A recent article by People for Bikes details how street improvements made while introducing protected bike lanes have also greatly improved pedestrian safety in New York City. On streets where protected bike lanes were added, traffic injuries, the vast majority of which are suffered by people walking, fell by 12 to 52 percent. While these safety improvements are not necessarily unique to protected bike lanes, it is the risks faced by cyclists at intersections that prompted the redesigns of the streets.
This reduction in injuries is due to the reduction in the number of lanes of traffic making crossing distances shorter, the introduction of turning lanes making traffic more predictable, dedicated signal phases protecting cyclists & pedestrians from turning vehicles and reduced weaving of traffic around cars stopped for pedestrians.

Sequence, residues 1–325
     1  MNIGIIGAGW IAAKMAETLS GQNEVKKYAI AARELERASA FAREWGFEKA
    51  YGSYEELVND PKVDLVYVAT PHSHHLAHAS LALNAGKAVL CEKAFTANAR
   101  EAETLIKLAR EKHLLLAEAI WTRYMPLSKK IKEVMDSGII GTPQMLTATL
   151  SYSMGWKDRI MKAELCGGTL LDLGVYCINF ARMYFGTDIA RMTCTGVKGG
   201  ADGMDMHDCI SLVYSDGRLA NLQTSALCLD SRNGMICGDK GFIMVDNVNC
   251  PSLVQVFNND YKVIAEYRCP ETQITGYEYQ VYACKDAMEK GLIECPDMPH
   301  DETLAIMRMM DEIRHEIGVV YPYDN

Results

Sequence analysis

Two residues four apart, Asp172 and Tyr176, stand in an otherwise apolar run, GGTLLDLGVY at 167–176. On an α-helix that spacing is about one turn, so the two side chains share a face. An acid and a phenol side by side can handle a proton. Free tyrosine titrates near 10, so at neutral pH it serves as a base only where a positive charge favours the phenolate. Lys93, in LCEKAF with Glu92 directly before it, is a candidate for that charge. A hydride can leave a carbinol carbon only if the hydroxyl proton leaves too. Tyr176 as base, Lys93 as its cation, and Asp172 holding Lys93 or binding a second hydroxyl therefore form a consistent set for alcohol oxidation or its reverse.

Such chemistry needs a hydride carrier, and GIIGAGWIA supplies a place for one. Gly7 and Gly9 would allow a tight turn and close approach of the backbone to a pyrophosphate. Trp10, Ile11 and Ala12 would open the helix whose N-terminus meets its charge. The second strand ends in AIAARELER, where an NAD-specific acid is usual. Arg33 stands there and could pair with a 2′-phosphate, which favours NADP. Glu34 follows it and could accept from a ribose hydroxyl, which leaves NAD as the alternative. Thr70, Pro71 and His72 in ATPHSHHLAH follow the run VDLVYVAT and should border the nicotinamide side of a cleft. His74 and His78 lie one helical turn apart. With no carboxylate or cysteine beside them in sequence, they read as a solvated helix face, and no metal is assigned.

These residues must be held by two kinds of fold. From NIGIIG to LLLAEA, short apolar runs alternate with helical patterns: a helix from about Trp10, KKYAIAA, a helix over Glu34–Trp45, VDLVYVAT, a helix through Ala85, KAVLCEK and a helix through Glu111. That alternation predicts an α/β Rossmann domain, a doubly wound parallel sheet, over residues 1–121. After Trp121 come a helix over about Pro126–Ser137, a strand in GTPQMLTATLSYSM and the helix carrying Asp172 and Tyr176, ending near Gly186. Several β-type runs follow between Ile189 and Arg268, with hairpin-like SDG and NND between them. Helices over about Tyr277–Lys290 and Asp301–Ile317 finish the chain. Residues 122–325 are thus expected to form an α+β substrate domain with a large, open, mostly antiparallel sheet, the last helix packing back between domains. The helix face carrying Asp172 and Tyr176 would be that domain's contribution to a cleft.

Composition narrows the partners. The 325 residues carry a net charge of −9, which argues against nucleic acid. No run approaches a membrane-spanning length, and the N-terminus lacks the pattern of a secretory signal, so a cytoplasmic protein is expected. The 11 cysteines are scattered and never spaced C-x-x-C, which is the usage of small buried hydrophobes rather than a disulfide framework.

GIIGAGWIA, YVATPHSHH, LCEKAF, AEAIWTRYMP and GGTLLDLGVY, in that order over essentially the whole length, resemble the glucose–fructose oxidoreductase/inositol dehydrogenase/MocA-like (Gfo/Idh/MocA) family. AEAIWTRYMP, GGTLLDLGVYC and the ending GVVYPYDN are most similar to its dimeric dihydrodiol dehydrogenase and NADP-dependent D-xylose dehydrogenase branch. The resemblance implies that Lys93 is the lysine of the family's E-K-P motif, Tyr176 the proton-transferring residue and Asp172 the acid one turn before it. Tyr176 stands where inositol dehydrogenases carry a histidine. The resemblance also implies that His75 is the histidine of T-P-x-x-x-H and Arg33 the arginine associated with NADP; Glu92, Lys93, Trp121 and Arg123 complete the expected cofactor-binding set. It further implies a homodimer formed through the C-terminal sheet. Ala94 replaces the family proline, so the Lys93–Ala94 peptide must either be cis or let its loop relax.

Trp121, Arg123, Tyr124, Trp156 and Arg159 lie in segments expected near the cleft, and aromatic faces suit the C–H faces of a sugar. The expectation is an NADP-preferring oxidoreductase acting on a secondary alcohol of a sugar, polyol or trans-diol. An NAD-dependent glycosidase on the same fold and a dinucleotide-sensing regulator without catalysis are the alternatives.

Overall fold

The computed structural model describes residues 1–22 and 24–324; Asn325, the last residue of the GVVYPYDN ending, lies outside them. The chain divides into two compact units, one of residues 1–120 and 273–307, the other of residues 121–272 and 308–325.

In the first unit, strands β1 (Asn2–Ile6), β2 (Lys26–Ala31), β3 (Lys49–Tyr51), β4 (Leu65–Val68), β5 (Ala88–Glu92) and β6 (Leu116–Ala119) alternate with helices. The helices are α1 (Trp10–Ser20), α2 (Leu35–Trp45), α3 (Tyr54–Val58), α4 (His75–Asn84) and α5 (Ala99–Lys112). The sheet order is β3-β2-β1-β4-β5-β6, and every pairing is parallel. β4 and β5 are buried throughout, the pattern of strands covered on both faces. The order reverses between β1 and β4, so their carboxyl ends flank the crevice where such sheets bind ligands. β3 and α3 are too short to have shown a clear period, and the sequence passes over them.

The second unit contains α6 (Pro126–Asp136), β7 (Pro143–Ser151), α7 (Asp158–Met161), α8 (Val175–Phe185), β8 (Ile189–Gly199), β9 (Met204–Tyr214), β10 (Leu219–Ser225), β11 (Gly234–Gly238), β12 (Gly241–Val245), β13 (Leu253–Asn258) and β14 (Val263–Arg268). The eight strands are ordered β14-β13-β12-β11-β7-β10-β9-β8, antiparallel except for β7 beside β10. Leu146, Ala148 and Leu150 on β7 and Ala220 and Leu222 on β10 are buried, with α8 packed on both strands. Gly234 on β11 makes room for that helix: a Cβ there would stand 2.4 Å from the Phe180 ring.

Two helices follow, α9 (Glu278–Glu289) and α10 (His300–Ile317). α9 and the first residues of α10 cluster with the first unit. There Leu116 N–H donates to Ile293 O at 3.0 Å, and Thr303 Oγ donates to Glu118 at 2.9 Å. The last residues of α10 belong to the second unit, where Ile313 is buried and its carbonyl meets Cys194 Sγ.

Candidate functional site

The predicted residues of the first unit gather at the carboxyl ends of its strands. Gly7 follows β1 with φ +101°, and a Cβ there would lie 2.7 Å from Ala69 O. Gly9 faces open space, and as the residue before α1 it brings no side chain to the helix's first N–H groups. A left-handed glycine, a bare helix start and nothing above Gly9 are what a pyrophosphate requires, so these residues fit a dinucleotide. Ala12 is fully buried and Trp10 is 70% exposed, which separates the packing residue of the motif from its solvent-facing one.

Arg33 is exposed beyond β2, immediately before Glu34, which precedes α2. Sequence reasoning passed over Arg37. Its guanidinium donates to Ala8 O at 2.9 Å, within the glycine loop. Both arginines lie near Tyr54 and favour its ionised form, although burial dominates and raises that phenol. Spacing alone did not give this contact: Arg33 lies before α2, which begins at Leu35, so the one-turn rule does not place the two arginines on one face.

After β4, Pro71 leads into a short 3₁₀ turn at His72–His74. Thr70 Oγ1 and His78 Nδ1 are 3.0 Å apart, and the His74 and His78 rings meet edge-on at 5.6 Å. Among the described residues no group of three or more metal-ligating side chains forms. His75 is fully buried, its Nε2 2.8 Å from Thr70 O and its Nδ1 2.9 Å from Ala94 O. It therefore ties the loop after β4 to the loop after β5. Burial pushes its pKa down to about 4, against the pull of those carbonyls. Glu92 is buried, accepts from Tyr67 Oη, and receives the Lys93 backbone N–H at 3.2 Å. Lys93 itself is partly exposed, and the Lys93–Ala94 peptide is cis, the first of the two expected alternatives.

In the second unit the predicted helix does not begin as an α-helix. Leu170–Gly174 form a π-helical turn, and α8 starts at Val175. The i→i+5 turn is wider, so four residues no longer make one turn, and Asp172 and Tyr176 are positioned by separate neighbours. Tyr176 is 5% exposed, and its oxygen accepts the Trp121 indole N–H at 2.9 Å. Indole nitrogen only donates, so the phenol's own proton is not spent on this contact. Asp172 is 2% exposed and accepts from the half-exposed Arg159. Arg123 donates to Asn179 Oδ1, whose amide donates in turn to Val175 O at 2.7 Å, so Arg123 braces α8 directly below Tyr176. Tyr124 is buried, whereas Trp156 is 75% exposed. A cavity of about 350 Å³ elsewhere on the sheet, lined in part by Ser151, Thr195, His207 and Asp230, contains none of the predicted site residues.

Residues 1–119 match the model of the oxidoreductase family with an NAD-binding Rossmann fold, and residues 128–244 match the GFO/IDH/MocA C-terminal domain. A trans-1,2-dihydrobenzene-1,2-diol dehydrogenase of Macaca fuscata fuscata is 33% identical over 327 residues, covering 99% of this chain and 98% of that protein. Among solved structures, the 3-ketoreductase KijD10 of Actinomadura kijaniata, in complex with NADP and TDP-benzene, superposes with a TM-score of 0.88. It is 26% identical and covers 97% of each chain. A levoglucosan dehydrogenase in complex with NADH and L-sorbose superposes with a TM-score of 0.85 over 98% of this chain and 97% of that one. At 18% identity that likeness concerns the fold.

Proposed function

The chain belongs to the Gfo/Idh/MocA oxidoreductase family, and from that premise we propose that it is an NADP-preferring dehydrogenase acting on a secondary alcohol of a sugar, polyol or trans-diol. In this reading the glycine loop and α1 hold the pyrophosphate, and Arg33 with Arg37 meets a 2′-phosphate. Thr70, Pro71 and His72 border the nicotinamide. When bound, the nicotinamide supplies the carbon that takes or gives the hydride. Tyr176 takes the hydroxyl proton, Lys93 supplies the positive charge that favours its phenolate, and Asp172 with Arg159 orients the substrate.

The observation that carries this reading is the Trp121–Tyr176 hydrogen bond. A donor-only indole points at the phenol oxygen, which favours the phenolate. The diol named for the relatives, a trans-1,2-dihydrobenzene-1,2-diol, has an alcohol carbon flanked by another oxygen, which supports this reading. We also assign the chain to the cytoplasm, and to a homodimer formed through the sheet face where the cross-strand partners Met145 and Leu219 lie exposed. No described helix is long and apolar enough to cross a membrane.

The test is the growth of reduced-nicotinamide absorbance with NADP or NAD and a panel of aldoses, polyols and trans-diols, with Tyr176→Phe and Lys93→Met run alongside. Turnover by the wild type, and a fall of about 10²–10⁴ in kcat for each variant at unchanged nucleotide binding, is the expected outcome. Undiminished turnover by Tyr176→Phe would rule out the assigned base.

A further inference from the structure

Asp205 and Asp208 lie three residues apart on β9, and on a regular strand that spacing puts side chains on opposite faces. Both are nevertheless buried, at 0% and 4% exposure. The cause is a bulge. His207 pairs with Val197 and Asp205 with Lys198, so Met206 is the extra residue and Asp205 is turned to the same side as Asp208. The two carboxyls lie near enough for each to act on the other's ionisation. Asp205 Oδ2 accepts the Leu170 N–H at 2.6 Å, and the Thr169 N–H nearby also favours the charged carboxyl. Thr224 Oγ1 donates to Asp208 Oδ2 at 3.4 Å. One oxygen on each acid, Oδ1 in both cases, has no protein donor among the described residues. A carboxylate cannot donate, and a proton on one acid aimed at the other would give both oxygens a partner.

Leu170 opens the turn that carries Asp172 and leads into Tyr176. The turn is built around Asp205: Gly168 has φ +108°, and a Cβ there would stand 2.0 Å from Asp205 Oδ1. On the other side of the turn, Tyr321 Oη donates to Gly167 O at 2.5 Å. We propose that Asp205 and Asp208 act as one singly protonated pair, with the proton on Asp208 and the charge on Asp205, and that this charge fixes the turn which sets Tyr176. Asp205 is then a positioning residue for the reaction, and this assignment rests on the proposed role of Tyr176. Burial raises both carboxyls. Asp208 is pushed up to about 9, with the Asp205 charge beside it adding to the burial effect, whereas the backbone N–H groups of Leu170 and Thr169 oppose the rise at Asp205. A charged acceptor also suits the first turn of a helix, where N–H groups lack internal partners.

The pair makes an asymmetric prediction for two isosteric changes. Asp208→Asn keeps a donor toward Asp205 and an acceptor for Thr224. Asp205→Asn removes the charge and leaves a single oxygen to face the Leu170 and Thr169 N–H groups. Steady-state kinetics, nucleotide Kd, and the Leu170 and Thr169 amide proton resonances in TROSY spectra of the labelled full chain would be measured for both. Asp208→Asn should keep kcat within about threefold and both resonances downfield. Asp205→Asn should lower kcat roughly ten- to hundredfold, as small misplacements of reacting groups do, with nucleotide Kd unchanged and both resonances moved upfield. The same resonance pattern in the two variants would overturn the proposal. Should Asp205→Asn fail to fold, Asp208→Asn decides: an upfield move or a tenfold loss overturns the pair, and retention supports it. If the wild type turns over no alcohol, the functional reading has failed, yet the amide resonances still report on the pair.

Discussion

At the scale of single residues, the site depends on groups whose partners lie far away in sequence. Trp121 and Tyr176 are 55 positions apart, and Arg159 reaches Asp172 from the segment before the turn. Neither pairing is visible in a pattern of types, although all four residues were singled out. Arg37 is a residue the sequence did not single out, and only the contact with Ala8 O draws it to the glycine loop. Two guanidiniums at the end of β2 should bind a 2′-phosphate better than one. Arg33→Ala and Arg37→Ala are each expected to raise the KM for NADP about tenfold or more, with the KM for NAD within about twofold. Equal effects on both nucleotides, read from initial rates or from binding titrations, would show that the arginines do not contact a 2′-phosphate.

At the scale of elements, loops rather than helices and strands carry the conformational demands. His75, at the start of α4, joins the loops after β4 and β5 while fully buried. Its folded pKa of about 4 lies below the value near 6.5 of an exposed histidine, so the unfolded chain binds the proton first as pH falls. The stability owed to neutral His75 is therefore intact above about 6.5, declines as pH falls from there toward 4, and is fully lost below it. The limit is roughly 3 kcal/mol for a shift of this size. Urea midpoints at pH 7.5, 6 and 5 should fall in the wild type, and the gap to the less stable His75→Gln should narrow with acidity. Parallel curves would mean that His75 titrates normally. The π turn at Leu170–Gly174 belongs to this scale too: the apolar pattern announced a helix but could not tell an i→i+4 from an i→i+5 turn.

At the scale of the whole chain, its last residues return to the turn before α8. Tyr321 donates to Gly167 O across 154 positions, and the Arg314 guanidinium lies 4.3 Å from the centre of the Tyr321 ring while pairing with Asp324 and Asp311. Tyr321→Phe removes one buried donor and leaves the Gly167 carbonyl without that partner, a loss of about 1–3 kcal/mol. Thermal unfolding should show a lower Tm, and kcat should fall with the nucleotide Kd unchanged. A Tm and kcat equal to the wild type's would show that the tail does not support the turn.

Ironically, it is these safety improvements such as the protected signal turning phases that some drivers complain about. What they forget is that it crashes that are the cause of the worst delays. Traffic can be tied up for hours if a death or serious injury occurs.
These improvements are in addition to the reductions in sidewalk cycling which is not safe for cyclists or pedestrians.
Given all the benefits of protected bike lanes, it is time that communities speed up their building of all ages and abilities cycling networks.